• The best of 2011's tech writing is collected for your consideration by Thomas Houston at The Verge.
  • The Guardian offers "the top 50 iPad apps." 


  • The Next Web offers its own tidbits in "What 2012 Holds for Online Media."
  • Book-obsessed website The Millions posted a very informative rundown of the most anticipated books of 2012.
  • Fortune's "Guide to the Future," notwithstanding the sheer grandiosity of the headline, is a useful predictive wallow, highlighting a few trends I hadn't considered. 


  • Amid the predictable hand-wringing over the predictable year-end bad news about movie box office, The Wrap's editor Sharon Waxman jumps in with some obvious and sensible advice, and renews her call for "bold" moves by the studios in digital (WB's acquisition of Flixster? "come on, I said bold!" sez Waxman.)
  • Meanwhile, serial entrepreneur and start-up guru Steve Blank slugs Hollywood a bit harder in his post "Why the Movie Industry Can't Innovate and the result is SOPA."  Truthfully, Blank does a great job of showing that Hollywood doesn't innovate, but doesn't really tell anyone why they can't. It's a good read, nonetheless.
  • The Atlantic's Derek Thompson dives deeper into Hollywood's business model by asking "Why Do all movie tickets cost the same?" 
  • Indie Producer Ted Hope spotlights a cool infographic that displays virtually all possible film distribution options.
  • IndieWire blog THE PLAYLIST itemizes its 50 most anticipated films of 2012


  • Want a quick gloss on the Changing TV Landscape? Go no further than this lovely infographic, covering the dawn of digital broadcasting (2009) through social TV. 
  • Deloitte puts some numbers to the cord-cutter chatter. 
  • Broadcom chip to be introduced at CES would embed a host of  "over-the-top" functions in next-gen set-top-boxes alongside regular cable channels, reported in some tech detail here
  • Reports are that reality-TV king Mark Burnett taps his scepter upon social TV start-up ACTV8.
  • BTIG analyst Richard Greenfield claimed this week that  Nielsen viewing data proves that Netflix is the 15th most-watched TV "network" in the U.S., and is second in Netflix homes.
  • Mobile Content Ventures hooks up with MetroPCS to deliver next generation of live mobile video. In related news, TV Technology looks at the evolving television experience, with a look at ConnecTV, another MCV initiative that seeks to bring TV to the tablet. The consortium of TV station groups and networks has an ambitious agenda


  • Speaking of curating, VentureBeat has compiled a really neat list of 2011's best tech-oriented "long reads" -- itself an interesting trend, e.g., countering the web's relentless info-snack quality with major explorations of interesting topics that were once the province of "quality" magazines. I had seen only a few on this list before.
  • Small press Tin House has reissued a really wild book called "Plotto: the Master Book of All Plots" a 1928 anthology that runs down 1,462 possible plots. Evidently studied by Hitchcock, no less.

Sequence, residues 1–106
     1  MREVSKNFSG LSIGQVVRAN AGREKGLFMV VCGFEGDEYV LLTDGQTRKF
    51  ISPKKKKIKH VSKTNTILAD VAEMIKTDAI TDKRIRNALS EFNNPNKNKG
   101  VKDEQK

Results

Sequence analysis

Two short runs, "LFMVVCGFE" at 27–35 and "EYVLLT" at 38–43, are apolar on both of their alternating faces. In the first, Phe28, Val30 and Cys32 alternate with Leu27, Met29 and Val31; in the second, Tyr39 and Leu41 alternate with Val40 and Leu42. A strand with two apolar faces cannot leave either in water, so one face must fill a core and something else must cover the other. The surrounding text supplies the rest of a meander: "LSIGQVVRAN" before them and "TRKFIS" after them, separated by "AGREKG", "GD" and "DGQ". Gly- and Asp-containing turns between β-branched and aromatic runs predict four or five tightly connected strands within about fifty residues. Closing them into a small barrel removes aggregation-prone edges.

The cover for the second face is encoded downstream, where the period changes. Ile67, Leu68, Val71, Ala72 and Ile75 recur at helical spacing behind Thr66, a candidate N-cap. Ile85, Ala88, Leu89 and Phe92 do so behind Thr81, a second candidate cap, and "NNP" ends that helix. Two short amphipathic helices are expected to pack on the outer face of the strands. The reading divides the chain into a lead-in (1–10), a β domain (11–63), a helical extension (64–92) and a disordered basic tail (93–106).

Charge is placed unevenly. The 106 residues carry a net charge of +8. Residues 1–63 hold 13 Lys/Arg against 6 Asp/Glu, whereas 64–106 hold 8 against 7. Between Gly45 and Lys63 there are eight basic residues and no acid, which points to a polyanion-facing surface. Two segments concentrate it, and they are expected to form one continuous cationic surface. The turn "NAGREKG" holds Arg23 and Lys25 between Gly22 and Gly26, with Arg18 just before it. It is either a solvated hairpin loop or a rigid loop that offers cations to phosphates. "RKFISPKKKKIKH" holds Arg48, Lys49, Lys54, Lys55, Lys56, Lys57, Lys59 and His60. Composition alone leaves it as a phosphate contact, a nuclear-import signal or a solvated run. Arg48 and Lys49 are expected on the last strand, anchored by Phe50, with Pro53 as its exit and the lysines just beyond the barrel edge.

• Can newspapers be tech incubators? asks this interesting GigaOm report
  • "A Web of Apps" offers a quick gloss of new apps that help with the challenge of discovering content.
  • Iconic blue chip company Kodak teeters on the brink.
  • With potshots coming fast and furious over the new Yahoo CEO, Fast Company posits that Scott Thompson, the company's fourth top exec in five years, could turn the stodgy web giant around by concentrating upon turning its tonnage of "big data" into gold.  
  • Never heard of Path? It's the buzzy "new" social network that offers a cozier alternative to Facebook.
  • Marshall Kirkpatrick gives an unqualified rave to curation tool "Storify" because it personifies an important trend of providing context from the tonnage of information.

• Predictions (like the Future of Television), and other interesting posts of this week

It’s time to review the most interesting tweets, links, and posts I’ve stumbled across this week, for your reading and clicking pleasure. I call it NGIF, for Nick's Great Information Friday. You can get this and all my posts by subscribing to the free e-newsletter at  


At the risk of getting too meta, many of the posts I liked this week were themselves end-of-year round-ups – either reviewing 2011 or predicting 2012. A selection:


Seemed like there were a LOT of articles this week that looked at the changing landscape of television (probably because all the “smart” apps I use notice I’m interested in this topic – that’s another post, however.)

  • Why You’ll Buy TV on the Web in 2012, an interesting post at All Things D, summarizing analyst Rich Greenfield  
  • MIP’s blog ran an interesting post about Bluefin Labs, a social TV analysis firm that demo’d deep processing of Twitter and Facebook comments to provide insights into television. 
  • Siri’s implications on voice-controlled television (it will dismantle networks). See this post by WetPaint’s Ben Elowitz  
  • Why Google TV will Win, claims GigaOm’s Janko Roettgers.
  • Launch of the “Watch it” button, a social bookmarking system for television, creates a super movie queue across multiple sites.